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    "Should I leave these posts as they are despite that they might drive away others from participate in Meta or motivate others to think that this is the "correct" behavior in a per-site meta?" If they're not prompting reasonable discussion or providing potentially reasonable solutions to na issue faced by the site, they're not on-topic for the meta site anyway. Close as needing focus or details or clarity, comment that users are perfectly entitled to be unhappy and entirely welcome to point out issues in a constructive way.
    – Nij
    Apr 9, 2023 at 1:00
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    "Unfortunately in some per-site meta that kind or participation from generous users helping to curate meta posts to keep the per-site meta looking healthy and friendly might not be happening at all, or might happen slowly." If the community can't or won't keep things tidy, moderators must step in. Again, users are entirely welcome to contribute positively by voting, editing, and suggesting improvements. If they're choosing to not do that, well, consequences are not a buffet.
    – Nij
    Apr 9, 2023 at 1:03
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    What are the most problematic meta-posts? I read some posts on webapps.meta.stackexchange.com and noticed in some a rude tone, may I be wrong due to cultural difference but, tending to exaction. Apr 9, 2023 at 7:16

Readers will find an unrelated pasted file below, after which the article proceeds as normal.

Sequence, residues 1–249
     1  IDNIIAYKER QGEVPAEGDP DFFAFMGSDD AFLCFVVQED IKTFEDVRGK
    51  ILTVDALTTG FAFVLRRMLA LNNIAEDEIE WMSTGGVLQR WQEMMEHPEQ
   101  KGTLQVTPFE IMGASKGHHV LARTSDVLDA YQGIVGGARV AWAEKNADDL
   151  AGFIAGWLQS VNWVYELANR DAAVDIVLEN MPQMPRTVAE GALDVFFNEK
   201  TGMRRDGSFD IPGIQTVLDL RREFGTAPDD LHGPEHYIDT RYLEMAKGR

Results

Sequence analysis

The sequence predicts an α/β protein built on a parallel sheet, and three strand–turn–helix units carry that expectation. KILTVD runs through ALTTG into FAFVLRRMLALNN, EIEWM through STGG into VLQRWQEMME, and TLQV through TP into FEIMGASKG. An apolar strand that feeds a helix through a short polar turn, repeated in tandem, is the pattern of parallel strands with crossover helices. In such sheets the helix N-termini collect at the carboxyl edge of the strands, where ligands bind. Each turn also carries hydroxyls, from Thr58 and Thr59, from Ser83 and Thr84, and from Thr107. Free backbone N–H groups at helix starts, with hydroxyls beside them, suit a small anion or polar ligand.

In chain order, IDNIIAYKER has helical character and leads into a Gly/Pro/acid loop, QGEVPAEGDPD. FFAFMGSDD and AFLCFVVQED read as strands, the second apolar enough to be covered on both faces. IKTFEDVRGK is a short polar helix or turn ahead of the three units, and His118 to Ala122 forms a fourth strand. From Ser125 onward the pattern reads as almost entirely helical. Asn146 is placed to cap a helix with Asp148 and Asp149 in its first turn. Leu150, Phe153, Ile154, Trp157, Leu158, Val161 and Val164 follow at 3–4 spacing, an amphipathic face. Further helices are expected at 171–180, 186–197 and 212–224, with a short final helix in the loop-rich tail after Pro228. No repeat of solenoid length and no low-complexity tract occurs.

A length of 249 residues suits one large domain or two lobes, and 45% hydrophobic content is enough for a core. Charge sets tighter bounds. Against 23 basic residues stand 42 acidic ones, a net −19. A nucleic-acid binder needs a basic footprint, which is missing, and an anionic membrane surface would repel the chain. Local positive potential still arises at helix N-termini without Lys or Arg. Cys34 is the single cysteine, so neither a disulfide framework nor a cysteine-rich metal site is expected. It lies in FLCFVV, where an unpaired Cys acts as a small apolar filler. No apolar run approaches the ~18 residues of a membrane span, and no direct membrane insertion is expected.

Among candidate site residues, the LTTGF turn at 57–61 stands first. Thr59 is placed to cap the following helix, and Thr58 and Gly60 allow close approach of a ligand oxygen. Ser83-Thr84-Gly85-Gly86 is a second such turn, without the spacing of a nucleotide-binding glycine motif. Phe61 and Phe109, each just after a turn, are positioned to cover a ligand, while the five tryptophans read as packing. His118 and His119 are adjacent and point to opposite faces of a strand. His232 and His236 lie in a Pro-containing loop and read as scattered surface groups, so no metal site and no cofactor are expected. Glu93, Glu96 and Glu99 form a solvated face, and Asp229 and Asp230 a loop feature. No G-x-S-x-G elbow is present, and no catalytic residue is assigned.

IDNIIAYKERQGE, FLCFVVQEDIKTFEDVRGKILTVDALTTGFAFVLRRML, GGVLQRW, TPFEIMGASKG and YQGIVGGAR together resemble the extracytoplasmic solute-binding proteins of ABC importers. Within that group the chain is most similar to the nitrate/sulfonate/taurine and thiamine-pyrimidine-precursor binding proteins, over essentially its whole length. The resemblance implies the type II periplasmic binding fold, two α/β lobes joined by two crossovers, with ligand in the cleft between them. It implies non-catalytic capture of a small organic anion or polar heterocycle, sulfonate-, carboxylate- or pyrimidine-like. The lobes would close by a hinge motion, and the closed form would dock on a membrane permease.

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    "The most active users in per-site meta lately have become active to make posts to rant/dispute closed questions in a non-constructive, positive way." I disagree: the posts are typically constructive. Some users are puzzled by some of your moderation actions (e.g., suspending a user for low-quality questions even though they had posted only 5 questions in the last 2 months, and the only closed questions were due to a new policy you unilaterally introduced after these questions were posted) and try to either understand them and/or constructively argue. Anyway, maybe you should give examples. Apr 9, 2023 at 23:58
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    Could you please provide some examples of the Web Apps SE meta posts you are referring to? As you may already know, I’m one of the posters there and I’m curious if you are referring to any of my meta posts. I always try to make my meta posts constructive and detailed and avoid ranting. It would be helpful for the readers of this post if you could point out which meta posts you find problematic. Apr 10, 2023 at 3:13
  • @galacticninja You have made a good collection of them in your last post in Web Applications Meta.
    – Rubén
    Apr 19, 2023 at 19:36
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    @Rubén You mean this post? I've mentioned several. Can you point out which ones, specifically, "rant/dispute closed questions in a non-constructive, positive way"? I think this would be more helpful than vaguely alluding to them. Apr 20, 2023 at 4:49

1 Answer 1

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There's a lot to unpack here - and I will start with this

One of my major concerns is the nonexistence of a core community and the low participation in moderation and in the per-site meta

This in itself is a fairly fundamental problem that needs addressing. Investing in (re)building the cores of communities and attracting folks who left for the 'right' reasons to return ought to be a key thing SE works on. Healthy meta spaces - with users who care for the site is a serious force multiplier for moderators. And even 'big' sites like Super User have had much quieter and quietening metas over the years.